Figure 5. Impacts of COVID-19 on mariculture in Surat Thani Province, Thailand
Inland capture fisheries
• Yangon Region, Myanmar
The study site in Yangon Region was located in Kyauktan with a total population of 170,635 (86,795 females and 83,840 males). The livelihoods of the people include farming rice, bean, and crop, industry/factory, aquaculture, and fishing.
There were 472 fishers and the fish species they caught included threadfin (Polynemus sp.), catfish (Arius sp.), croaker (Johnius sp.), hilsa (Tenualosa ilisha), and basa fish (Pangasius sp.)
The total number of respondents was 28 fish farmers, comprising 20 males and 8 females. About 57 % of interviewed fish farmers said that there was no change in the quantity of harvest. The reduction in the number of market channels and price of the harvest was experienced by 61 % and 71 % of the respondents, respectively. The access to transportation did not change for 57 % of respondents, while it reduced for 43 % of respondents. About 39 % of respondents indicated that there was an increase in cost, while 22 % of respondents specified that there was a reduction. About 64 % of interviewed fish farmers had reduced income.
A total of 40 fishers were interviewed including 12 females and 28 males. Almost all of the respondents specified that the COVID-19 pandemic resulted in a decrease in the quantity of catch, number of market channels, price of catch, level of accessibility of transportation, cost, and income.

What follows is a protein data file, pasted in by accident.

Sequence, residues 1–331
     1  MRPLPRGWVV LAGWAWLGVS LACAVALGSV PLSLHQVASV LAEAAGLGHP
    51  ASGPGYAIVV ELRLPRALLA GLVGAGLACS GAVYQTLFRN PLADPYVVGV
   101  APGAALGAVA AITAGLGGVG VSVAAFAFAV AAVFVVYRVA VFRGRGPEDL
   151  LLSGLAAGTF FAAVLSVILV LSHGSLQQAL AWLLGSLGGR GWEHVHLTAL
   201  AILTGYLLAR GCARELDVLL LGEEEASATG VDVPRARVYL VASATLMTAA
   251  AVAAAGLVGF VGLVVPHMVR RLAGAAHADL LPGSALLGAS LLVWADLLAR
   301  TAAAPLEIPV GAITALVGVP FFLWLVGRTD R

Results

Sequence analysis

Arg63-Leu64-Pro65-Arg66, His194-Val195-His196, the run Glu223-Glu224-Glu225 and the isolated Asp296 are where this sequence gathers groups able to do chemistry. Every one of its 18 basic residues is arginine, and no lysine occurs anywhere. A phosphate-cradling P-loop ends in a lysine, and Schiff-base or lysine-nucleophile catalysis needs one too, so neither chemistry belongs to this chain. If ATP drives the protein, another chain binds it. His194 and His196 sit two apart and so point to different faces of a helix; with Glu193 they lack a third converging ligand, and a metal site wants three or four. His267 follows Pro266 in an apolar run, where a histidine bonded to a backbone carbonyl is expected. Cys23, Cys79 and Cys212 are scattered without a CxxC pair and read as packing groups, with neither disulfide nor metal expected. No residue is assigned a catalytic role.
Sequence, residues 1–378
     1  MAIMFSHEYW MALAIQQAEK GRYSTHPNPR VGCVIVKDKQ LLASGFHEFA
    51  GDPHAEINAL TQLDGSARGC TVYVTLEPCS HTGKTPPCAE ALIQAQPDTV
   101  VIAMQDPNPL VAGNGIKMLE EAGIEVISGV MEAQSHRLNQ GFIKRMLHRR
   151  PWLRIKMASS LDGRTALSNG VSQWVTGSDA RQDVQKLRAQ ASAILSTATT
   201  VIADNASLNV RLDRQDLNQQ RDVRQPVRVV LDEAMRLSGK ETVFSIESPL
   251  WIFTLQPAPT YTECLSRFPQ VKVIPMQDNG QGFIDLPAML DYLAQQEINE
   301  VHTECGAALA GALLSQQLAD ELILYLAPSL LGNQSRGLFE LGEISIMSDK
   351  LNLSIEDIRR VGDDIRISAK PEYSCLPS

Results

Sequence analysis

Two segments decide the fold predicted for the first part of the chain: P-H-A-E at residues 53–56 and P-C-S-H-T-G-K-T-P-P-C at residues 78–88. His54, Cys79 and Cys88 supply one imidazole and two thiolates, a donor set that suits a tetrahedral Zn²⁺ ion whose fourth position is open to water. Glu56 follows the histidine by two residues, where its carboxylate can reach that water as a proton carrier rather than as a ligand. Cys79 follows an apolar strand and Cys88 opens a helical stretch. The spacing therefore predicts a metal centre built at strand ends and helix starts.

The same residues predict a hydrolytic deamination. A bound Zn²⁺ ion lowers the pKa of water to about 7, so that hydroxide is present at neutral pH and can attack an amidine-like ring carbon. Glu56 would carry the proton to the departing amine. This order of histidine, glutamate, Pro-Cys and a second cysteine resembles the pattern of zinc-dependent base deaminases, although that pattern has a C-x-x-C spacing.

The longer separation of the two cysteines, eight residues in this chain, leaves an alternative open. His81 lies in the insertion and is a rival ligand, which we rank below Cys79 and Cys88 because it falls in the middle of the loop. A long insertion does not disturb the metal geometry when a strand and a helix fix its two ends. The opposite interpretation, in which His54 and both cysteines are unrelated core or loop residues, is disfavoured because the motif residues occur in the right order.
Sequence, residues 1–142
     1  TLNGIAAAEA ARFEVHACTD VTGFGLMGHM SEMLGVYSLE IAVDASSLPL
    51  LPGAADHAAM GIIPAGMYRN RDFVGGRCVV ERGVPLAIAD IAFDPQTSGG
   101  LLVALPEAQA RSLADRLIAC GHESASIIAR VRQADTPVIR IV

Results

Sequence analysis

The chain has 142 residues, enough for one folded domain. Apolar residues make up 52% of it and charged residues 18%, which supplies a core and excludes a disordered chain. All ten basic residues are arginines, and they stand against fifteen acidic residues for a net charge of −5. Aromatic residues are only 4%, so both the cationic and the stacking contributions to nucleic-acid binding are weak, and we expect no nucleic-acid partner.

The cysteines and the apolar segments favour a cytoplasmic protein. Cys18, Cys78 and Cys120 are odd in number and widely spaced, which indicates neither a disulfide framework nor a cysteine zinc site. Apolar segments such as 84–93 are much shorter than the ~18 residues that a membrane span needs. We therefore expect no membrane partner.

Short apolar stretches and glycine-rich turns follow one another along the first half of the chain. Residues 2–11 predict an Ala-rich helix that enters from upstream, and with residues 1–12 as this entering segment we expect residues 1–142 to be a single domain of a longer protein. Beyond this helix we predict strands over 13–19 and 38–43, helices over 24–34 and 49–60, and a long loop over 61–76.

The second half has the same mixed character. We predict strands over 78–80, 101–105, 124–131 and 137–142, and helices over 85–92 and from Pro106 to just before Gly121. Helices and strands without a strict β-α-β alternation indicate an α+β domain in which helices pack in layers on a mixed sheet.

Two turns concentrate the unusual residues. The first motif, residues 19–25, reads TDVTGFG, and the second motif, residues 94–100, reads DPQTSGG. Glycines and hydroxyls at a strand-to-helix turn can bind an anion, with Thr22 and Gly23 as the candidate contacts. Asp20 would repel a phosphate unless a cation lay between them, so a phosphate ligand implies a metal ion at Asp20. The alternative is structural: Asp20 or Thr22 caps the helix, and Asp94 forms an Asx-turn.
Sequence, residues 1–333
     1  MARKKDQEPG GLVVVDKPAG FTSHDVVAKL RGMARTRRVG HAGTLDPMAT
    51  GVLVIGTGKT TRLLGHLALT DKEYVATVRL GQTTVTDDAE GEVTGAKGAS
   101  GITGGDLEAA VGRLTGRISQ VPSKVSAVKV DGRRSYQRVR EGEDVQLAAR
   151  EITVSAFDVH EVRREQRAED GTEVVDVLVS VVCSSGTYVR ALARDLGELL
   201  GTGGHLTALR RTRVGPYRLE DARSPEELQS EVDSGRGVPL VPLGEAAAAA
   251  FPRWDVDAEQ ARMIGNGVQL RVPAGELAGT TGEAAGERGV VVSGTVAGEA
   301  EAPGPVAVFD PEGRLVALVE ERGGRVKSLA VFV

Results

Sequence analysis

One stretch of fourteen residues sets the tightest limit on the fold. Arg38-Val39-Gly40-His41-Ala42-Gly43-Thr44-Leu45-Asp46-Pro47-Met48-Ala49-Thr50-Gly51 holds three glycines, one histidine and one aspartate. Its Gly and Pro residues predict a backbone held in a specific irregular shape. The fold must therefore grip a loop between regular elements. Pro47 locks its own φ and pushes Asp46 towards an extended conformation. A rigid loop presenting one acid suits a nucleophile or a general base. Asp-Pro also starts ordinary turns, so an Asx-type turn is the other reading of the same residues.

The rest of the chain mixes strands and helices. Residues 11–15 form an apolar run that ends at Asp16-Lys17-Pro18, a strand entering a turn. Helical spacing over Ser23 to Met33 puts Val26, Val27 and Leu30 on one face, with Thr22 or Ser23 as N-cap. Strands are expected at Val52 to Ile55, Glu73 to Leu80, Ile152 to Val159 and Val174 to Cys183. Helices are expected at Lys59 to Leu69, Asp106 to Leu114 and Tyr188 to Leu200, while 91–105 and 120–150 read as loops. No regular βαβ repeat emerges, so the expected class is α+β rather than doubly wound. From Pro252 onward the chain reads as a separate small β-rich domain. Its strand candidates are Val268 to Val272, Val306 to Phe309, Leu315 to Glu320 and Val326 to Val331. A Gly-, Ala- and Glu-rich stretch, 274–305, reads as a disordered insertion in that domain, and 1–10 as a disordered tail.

Figure 7. Impacts of COVID-19 on inland aquaculture in Bolikhamxay Province, Lao PDR
• Buriram Province, Thailand
The study site in Buriram Province is located at Ban Sub Somboon Village. The village has an Aquatic Bank which was established in 2017 with support from the Department of Fisheries, Thailand. The Aquatic Bank is a natural pond that serves as the food source of the community. The fish species in the Aquatic Bank include silver barb, tilapia, giant freshwater prawn, and others.
The total number of respondents was 49 fishers composed of 32 females and 17 males. About 65 % of the respondents said there was no change in the catch quantity. For the number of
Figure 6. Impacts of COVID-19 on inland capture fisheries in Yangon Region, Myanmar
• Bolikhamxay Province, Lao PDR
Bolikhamxay Province is in the central part of Lao PDR with an area of 14,083 km2 and a population of 273,691. The study sites were located in three villages of Pakxan District, namely:
Pakxan, Pakpeuk, and Sivilai. The cultured species for inland aquaculture are fish, frog, and shrimp with an average annual production of 5,469 t.
market channels, 44 % said there was no change while 46 % indicated that there was a reduction. The reduction in the price of catch, access to transportation, and cost was experienced by 74 %, 69 %, and 58 % of the respondents, respectively. There was no change in the income of 74 % of the respondents. The adverse impacts of COVID-19 were not significant on the community since fishing is not the main livelihood and the catch is mainly for household consumption; and the people were able to secure their food from the Aquatic Bank.
countries where the movement of people, transportation, and other activities were limited. For the cost, 38 % of all respondents specified that there was no change while 43 % said there was a reduction. Nevertheless, the income of about 75 % of all respondents in all study sites was reduced.
Figure 9. Impacts of COVID-19 on small-scale fisheries in selected sites in the ASEAN Member States in 2020–2021
Figure 8. Impacts of COVID-19 on Aquatic Bank in Buriram Province, Thailand